Madhya Pradesh saw a 60.08% turnout in the nine constituencies that went to polls on Thursday. The turnout was higher than the 54.6% figure in the previous Lok Sabha elections.
Balloting was peaceful with no major untoward incidents reported from anywhere.
Union minister Kamal Nath's home turf Chhindwara saw the highest turnout (70.93%). The minister is contesting from the seat to make it to Lok Sabha for the ninth time.
Besides Kamal Nath, the list of heavyweights included Congress legislator Ajay Singh and BJP's tribal leader Faggan Singh Kulaste.
Out of the total 60.08%, 62.18% were men and 57.80% were women, until 8.30pm, Madhya Pradesh Chief Electoral Office sources said. However, the final figure would go up further, sources said.
Altogether 118 candidates were in the fray in the nine constituencies — Chhindwara, Satna, Rewa, Balaghat, Sidhi, Shahdol, Mandla, Jabalpur, and Hoshangabad.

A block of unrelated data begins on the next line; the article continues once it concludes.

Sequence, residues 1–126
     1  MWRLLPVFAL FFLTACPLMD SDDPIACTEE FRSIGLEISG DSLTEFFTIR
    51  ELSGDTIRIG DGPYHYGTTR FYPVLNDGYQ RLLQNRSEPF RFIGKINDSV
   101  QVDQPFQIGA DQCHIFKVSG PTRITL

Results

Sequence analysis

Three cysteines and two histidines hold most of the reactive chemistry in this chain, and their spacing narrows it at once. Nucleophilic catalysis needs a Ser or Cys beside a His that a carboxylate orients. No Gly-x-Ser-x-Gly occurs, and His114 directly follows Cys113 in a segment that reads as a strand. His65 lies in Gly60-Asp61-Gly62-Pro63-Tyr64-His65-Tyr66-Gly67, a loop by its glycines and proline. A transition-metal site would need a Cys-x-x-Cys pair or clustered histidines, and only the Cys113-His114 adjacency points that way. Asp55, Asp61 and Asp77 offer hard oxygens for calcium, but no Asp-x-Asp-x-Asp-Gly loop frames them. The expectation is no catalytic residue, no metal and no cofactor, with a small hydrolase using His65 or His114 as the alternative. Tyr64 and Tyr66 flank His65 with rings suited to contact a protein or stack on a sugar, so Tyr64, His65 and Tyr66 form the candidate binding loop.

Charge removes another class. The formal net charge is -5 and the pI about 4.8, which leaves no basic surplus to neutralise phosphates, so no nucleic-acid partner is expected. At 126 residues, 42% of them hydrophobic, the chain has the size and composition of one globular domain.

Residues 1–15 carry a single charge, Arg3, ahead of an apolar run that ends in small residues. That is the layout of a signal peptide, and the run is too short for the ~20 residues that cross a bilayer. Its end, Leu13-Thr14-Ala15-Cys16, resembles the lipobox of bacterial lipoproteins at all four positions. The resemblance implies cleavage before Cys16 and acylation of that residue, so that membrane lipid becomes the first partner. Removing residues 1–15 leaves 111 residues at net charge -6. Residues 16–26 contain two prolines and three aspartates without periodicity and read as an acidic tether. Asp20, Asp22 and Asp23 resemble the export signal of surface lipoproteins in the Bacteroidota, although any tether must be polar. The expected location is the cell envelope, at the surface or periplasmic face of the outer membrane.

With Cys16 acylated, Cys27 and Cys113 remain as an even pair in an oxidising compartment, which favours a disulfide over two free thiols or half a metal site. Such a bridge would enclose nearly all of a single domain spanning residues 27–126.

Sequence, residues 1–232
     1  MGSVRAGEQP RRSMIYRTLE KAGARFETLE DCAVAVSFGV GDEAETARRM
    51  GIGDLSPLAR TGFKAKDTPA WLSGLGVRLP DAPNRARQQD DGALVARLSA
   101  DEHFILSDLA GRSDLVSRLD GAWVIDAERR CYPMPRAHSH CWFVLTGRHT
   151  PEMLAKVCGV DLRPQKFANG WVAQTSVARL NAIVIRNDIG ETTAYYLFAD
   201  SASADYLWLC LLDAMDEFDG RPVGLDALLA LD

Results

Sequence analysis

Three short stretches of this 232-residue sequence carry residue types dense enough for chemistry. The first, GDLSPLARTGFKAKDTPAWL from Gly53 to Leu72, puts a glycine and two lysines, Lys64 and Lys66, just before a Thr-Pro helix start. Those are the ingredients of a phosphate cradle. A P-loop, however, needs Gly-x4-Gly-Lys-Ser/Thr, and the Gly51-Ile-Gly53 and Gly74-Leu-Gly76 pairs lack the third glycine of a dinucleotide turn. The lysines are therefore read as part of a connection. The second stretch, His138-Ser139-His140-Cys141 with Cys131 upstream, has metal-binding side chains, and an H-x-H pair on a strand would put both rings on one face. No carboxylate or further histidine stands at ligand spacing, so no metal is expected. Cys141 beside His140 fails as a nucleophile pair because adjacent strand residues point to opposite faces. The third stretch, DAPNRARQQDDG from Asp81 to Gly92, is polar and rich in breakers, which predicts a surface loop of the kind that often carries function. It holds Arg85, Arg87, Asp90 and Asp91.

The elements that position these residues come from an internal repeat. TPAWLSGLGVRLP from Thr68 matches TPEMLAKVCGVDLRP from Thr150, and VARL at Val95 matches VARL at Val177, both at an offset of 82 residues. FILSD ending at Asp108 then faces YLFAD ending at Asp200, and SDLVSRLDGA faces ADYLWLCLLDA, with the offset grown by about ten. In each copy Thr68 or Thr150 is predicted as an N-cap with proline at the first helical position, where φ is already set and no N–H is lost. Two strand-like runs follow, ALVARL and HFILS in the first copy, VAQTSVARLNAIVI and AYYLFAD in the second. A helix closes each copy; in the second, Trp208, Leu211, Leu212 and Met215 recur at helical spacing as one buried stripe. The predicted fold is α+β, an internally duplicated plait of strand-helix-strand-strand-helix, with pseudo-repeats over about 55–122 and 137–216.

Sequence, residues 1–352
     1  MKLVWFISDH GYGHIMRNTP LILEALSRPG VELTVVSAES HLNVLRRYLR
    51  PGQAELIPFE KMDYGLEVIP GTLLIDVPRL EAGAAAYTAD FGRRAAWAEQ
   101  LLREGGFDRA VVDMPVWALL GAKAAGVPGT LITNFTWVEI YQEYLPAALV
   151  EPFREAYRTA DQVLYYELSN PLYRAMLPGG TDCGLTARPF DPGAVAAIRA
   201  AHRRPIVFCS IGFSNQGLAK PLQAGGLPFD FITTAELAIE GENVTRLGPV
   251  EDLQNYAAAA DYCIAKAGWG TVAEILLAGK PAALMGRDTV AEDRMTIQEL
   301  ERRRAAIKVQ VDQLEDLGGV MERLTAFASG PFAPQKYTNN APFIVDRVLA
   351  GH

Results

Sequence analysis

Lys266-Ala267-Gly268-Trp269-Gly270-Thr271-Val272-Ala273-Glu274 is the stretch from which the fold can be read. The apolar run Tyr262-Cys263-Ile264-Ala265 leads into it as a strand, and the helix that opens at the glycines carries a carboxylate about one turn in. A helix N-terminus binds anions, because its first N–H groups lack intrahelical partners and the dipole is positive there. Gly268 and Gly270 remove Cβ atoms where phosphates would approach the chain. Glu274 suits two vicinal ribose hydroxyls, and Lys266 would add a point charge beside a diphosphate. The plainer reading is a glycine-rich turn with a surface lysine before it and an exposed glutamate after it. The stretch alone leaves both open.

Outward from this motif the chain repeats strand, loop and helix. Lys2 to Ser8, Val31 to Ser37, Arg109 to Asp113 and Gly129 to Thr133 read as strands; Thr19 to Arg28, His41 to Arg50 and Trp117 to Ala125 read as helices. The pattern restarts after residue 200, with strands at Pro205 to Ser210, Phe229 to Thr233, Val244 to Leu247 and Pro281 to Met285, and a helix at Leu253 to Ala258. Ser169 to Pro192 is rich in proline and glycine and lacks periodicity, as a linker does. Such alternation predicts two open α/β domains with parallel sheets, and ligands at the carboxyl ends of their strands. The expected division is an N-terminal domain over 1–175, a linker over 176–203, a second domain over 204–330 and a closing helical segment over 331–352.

Polling for rest of the 20 constituencies will be held over the next two phases on April 17 and 24.
Riding on the projected "Modi wave", chief minister Shivraj Singh Chouhan's popularity and a strong showing in the assembly elections last year, the BJP is confident of a good performance.
According to electoral office, the polling percentage in Satna was 53.77%, Rewa was 53.99%, Sidhi was 56.45%, Shahdol was 60.79%, Jabalpur was 48.14%, Mandla was 65.53%, Balaghat was 62.52%, Chhindwara was 70.93% and Hoshagabad was 65.01%.
In 2009, the saffron party had won just four seats out of the nine that will go to polls in the first phase. The Congress had bagged an equal number of seats. The Bahujan Samaj Paty (BSP) had won one.
Of the nine seats, eight are in Vindhya and Mahakoshal regions in the eastern part of the state.
The Hoshangabad constituency is in the central region.
Caste factor plays a role in the politics of Vindhya region, much like in bordering areas of neighbouring Uttar Pradesh.
Brahmins and Thakurs call the shots, but Vindhya region also has significant presence of OBCs and Scheduled Castes. This is where the BSP and the Samajwadi Party (SP) come into the reckoning.
In the largely bi-polar politics of the state, Rewa was the only seat in 2009 which went to a non-BJP, non-Congress party. A BSP nominee from the OBC section had won the seat.
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